As usual, we also wanted to find out more about the changes and, hearing about the Iron Gates Hydropower Museum, we stopped to visit it. I can say that I left extremely disappointed. The announcement at the entrance says that you can go to the Turbine Hall during the pandemic, but just two people at a time. Once you enter, you find out that in fact, during this period, people can’t go at all. My opinion is that you can’t visit more because of convenience or lack of staff, following the principle “it works like this”, especially since you can blame the pandemic.

For the same price as usual you can only see a few pictures from Ada-Kaleh (the ones from the Water Castle in Drobeta-Turnu Severin are much more interesting), two mannequins with plaster masks (I didn’t quite understand why they were there) and a collection of photographs of the hydropower plant of a particularly poor quality. I wasn’t allowed to take pictures, but honestly I wouldn’t have had much to take a picture of.

Do I recommend the hydroelectric power plant Museum? Yes, but only after the visits to the Turbine Hall resume. Until then I suggest you wait. You’d better stop by the Iron Gates Museum and the Water Castle in Drobeta, whose exhibitions are much more interesting.

3. Orșova

Not far from Drobeta Turnu-Severin, is Orșova. Being in the Danube Gorges, part of the old town lies under the waters of the accumulation lake, but you can still find some locals eager to tell you about it. What you see is the new city, not very attractive. However, it is pleasant to walk along the seafront and through Ion Dragalina Park, to the gazebo.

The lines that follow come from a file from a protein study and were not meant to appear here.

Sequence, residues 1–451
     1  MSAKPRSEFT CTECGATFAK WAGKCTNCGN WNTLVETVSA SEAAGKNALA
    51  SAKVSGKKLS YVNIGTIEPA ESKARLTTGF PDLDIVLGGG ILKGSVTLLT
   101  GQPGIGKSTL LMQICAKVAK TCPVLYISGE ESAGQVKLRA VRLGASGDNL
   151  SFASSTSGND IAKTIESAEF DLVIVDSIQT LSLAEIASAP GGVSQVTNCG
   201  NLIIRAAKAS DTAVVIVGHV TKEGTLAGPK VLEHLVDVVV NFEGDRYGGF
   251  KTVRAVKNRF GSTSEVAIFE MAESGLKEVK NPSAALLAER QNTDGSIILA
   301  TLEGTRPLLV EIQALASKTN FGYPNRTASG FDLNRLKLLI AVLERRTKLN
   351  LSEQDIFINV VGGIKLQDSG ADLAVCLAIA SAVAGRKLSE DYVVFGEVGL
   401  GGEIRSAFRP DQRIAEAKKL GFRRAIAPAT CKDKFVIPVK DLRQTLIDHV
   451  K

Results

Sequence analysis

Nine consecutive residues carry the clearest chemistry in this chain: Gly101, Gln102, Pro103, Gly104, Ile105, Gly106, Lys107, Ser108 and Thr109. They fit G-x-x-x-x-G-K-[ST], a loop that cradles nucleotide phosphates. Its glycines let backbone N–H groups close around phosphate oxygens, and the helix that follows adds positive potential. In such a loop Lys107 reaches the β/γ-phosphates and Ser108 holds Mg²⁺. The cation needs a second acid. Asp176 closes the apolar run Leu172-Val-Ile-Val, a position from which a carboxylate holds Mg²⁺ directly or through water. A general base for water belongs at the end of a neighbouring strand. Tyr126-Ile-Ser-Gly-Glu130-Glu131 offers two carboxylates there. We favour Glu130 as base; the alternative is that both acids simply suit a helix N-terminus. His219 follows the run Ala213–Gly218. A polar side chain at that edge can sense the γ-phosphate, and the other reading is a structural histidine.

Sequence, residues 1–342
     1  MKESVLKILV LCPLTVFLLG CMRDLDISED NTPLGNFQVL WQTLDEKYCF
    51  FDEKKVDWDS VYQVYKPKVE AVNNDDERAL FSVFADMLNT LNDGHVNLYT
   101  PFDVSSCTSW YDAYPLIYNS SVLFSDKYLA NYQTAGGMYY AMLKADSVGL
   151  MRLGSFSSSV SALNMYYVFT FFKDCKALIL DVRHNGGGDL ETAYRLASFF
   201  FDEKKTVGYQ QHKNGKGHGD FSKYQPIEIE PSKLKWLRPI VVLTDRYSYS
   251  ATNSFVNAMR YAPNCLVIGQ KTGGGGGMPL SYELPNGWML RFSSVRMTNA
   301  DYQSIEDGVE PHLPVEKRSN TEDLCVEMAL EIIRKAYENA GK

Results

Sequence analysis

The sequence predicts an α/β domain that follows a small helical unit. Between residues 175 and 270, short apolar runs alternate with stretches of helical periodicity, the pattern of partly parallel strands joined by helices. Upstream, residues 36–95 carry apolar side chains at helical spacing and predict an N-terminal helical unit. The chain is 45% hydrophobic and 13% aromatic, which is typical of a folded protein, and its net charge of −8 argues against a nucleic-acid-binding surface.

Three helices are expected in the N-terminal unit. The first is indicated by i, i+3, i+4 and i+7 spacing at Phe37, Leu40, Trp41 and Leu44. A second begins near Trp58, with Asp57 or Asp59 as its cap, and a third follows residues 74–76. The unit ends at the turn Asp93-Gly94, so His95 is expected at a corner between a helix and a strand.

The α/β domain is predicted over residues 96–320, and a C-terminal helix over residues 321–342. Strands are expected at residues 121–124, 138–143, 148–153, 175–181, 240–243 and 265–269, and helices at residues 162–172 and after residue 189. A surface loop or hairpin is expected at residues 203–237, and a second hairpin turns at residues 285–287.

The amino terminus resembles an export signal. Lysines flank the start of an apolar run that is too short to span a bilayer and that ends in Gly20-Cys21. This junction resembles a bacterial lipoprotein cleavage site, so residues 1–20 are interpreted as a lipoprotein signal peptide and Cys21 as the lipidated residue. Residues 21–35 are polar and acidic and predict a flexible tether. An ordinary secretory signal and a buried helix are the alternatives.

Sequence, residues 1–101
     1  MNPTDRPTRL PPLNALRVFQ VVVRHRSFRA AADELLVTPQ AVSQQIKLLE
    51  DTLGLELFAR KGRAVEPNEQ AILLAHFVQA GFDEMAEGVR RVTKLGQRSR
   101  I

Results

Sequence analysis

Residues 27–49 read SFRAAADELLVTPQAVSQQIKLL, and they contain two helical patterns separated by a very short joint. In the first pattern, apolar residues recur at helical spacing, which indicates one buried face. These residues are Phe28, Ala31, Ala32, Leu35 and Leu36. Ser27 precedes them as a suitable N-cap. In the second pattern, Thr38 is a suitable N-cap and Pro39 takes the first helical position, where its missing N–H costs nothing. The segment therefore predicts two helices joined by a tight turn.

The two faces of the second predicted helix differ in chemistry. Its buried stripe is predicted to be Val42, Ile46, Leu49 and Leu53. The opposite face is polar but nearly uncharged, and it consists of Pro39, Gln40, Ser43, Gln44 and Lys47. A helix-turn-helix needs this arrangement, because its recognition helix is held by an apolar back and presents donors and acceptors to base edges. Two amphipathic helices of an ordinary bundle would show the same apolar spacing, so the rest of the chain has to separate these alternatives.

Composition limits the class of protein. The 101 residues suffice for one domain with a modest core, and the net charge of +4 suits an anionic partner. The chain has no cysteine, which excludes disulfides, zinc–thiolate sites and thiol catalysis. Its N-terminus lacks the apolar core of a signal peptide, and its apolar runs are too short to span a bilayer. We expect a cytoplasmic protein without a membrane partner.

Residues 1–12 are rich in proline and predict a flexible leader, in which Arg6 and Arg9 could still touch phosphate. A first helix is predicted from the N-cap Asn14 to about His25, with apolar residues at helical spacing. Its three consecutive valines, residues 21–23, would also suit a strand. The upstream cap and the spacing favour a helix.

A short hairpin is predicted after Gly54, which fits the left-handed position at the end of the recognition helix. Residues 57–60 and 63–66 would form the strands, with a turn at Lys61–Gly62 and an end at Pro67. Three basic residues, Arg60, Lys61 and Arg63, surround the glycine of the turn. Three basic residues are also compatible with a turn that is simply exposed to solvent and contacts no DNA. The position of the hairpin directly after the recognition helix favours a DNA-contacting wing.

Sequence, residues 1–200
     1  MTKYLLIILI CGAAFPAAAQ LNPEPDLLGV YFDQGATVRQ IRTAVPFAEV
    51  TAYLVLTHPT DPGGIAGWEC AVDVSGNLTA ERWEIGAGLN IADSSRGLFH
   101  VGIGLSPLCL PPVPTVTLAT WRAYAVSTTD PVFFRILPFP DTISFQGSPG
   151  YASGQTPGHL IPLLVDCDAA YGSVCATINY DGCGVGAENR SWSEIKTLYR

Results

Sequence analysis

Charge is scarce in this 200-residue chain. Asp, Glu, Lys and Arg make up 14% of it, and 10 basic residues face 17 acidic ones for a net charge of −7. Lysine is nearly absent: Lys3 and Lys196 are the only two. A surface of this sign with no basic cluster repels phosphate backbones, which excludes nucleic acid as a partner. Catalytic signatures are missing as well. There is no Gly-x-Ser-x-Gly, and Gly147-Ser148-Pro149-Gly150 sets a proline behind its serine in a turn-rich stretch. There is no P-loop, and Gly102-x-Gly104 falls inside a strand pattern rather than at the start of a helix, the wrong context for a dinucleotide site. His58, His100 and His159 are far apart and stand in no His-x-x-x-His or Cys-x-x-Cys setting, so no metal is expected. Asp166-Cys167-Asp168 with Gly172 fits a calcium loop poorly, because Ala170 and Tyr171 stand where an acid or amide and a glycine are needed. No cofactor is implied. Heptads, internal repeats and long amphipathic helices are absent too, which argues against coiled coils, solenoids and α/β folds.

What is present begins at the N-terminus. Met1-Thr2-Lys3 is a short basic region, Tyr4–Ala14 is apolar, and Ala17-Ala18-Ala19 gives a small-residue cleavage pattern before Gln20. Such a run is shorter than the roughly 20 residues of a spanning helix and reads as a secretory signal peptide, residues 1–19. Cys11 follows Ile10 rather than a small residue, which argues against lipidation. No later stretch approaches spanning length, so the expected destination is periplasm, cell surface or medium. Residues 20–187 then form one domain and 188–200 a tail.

From the town center you can see the Monastery of the Nuns of St. Anne, located on the ridge of Santa’s Hill. It was founded by the interwar journalist Pamfil Șeicaru, whose tomb is inside. The construction lasted 3 years, between 1936 and 1939. During communism it was transformed into a birt. There took place the most outrageous parties of the times. Locals still remember them. Meanwhile, the monastery regained its original purpose. It can be easily reached by car. From the top of the hill, you can admire the small town and the mountains in the distance.

In Orșova there is also a branch of the Iron Gates Museum. I haven’t visited it yet, but it looks quite modern.

Parcul General Ion Dragalina - Orșova

Mănăstirea Sfânta Ana - Orșova

Mănăstirea Sfânta Ana - Orșova, Danube Gorges, Romania

4. Vodița Monastery